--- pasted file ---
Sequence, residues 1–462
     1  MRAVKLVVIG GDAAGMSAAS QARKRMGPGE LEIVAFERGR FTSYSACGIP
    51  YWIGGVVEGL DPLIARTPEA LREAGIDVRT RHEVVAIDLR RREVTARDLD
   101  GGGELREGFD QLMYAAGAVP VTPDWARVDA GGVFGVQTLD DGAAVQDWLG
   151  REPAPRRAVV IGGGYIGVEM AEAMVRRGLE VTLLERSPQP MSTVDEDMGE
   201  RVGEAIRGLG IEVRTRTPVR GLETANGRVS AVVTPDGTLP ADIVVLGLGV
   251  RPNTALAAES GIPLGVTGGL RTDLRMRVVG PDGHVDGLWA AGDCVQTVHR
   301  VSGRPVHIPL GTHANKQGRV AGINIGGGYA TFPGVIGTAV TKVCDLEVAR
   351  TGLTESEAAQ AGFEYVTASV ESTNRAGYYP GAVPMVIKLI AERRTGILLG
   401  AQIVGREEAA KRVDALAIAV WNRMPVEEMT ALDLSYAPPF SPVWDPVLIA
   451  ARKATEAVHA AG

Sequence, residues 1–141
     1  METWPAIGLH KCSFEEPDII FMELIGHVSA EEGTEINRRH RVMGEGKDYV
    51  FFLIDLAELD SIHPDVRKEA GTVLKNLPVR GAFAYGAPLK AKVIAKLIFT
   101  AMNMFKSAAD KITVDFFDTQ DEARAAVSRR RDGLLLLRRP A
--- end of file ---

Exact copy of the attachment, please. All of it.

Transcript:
Sequence, residues 1–462
     1  MRAVKLVVIG GDAAGMSAAS QARKRMGPGE LEIVAFERGR FTSYSACGIP
    51  YWIGGVVEGL DPLIARTPEA LREAGIDVRT RHEVVAIDLR RREVTARDLD
   101  GGGELREGFD QLMYAAGAVP VTPDWARVDA GGVFGVQTLD DGAAVQDWLG
   151  REPAPRRAVV IGGGYIGVEM AEAMVRRGLE VTLLERSPQP MSTVDEDMGE
   201  RVGEAIRGLG IEVRTRTPVR GLETANGRVS AVVTPDGTLP ADIVVLGLGV
   251  RPNTALAAES GIPLGVTGGL RTDLRMRVVG PDGHVDGLWA AGDCVQTVHR
   301  VSGRPVHIPL GTHANKQGRV AGINIGGGYA TFPGVIGTAV TKVCDLEVAR
   351  TGLTESEAAQ AGFEYVTASV ESTNRAGYYP GAVPMVIKLI AERRTGILLG
   401  AQIVGREEAA KRVDALAIAV WNRMPVEEMT ALDLSYAPPF SPVWDPVLIA
   451  ARKATEAVHA AG

Sequence, residues 1–141
     1  METWPAIGLH KCSFEEPDII FMELIGHVSA EEGTEINRRH RVMGEGKDYV
    51  FFLIDLAELD SIHPDVRKEA GTVLKNLPVR GAFAYGAPLK AKVIAKLIFT
   101  AMNMFKSAAD KITVDFFDTQ DEARAAVSRR RDGLLLLRRP A